Classical liberalism, the tradition of free markets and individual liberty, has an outsider status in the Australian economics profession. This paper surveys the origin of Australian classical liberal economics in the nineteenth century, its sharp decline in the first half of the twentieth century, and its revival and growth in recent decades. Despite a period of successful market-oriented economic reform in the 1980s and 1990s, surveys suggest that classical liberalism is a minority viewpoint among Australian economists.
Currently the only critical mass of classical liberal academic economists in Australia is at RMIT University in Melbourne. A major difference between the RMIT school and the ANU school of the previous generation is that RMIT is less formally neoclassical in orientation and more explicitly Hayekian and institutional in orientation. Rather than aspiring to be a ‘Chicago of the South,’ the preferred model is George Mason University. The leaders of this school are Sinclair Davidson, professor of institutional economics, and Jason Potts, an evolutionary economist. Both have interests outside mainstream economics, although both are highly involved in contemporary policy debate.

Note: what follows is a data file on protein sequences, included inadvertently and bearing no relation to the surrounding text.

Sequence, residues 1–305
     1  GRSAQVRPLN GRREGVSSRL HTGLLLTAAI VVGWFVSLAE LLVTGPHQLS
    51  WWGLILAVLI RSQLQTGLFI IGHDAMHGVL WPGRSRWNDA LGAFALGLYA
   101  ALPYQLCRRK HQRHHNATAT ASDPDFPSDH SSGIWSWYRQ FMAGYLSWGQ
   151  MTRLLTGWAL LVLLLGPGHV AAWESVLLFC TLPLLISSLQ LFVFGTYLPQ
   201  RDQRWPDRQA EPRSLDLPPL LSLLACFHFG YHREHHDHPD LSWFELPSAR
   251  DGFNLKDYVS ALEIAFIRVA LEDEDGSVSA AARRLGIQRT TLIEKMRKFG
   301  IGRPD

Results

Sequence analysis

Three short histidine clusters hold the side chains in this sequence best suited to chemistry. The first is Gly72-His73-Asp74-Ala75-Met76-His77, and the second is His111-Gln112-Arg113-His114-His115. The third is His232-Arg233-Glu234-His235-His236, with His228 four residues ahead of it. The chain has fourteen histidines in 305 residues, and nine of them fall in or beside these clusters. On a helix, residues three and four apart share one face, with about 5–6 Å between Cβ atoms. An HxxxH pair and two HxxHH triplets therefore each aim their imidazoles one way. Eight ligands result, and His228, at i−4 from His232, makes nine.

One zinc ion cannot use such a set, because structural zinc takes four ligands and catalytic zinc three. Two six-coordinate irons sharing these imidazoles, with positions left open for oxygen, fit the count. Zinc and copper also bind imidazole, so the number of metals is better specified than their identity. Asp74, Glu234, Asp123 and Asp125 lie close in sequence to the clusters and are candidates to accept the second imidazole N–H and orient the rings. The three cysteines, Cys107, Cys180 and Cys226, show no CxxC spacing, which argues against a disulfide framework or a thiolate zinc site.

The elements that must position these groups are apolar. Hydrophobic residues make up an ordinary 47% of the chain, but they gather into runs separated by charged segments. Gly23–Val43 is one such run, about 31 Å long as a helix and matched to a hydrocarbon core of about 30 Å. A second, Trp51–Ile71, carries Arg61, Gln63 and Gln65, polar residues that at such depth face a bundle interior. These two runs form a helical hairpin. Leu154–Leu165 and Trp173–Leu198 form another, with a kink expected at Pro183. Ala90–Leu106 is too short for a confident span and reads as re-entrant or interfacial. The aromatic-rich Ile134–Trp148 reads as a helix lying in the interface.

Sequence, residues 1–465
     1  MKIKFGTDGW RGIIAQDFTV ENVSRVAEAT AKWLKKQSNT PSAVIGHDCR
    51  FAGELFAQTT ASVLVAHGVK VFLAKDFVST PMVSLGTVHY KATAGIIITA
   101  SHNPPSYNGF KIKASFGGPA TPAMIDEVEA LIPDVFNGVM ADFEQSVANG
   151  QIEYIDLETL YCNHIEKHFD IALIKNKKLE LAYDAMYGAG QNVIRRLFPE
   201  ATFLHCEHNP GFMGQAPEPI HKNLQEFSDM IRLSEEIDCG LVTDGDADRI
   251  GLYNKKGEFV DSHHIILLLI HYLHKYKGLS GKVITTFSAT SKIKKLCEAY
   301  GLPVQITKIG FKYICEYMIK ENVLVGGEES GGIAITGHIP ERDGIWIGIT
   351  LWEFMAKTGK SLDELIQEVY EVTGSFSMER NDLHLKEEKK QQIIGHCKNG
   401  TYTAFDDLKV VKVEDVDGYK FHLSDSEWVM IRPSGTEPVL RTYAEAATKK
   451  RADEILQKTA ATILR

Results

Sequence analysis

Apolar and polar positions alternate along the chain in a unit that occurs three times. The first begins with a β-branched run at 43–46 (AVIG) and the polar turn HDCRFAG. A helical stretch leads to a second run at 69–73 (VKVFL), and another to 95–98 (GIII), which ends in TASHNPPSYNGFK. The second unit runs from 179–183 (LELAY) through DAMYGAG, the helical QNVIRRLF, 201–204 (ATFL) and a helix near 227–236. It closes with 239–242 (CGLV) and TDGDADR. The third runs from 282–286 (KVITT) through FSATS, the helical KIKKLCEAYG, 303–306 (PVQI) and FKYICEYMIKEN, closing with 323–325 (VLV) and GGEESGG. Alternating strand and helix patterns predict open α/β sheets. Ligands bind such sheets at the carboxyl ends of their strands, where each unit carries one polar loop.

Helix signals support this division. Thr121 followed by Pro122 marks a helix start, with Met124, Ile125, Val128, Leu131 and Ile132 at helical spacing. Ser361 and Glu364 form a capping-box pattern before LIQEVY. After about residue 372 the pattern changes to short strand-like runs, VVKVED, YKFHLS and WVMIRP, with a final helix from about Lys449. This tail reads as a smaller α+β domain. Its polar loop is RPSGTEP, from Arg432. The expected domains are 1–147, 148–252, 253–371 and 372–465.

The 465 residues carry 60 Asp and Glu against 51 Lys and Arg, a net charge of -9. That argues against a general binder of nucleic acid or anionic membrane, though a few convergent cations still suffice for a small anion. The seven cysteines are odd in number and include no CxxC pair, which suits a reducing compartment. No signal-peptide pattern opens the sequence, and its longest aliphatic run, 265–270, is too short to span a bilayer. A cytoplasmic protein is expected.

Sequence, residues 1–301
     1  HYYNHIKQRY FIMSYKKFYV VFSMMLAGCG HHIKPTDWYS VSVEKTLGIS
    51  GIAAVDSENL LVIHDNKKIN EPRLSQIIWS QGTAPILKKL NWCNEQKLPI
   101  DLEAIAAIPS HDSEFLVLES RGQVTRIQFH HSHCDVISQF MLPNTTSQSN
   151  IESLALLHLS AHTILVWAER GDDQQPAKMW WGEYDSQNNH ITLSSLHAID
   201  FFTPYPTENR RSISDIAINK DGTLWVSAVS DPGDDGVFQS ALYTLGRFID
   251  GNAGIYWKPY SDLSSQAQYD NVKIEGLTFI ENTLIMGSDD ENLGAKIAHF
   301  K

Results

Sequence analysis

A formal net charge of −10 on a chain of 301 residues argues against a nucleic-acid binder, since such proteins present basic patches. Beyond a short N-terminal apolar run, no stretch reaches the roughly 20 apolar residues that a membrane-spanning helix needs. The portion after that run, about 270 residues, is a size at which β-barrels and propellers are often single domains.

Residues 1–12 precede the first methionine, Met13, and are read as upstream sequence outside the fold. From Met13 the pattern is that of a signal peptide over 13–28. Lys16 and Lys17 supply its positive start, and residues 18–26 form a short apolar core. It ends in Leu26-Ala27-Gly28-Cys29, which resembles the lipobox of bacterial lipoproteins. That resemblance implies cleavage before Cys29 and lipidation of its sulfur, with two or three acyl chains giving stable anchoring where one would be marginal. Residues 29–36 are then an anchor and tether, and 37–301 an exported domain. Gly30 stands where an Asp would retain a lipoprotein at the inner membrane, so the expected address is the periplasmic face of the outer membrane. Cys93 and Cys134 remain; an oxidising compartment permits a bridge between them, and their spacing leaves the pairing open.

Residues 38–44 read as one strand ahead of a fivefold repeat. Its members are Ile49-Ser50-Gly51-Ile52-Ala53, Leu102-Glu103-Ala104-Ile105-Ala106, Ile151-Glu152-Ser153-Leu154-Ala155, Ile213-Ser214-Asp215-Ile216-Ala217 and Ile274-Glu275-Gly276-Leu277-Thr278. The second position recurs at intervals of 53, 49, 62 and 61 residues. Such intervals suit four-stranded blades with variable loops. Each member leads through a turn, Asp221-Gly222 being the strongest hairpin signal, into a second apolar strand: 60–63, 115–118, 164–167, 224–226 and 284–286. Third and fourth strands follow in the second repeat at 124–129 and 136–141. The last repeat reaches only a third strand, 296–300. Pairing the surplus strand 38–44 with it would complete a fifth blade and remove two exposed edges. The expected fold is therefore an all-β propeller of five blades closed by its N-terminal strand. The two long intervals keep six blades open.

There could have been a bit more about the Australian school of economics, Catallaxy and the synergy of Karl Popper and the other Austrians (a distinctive contribution of the Australian school) and I am in the IPA today so we can have a talk about that:)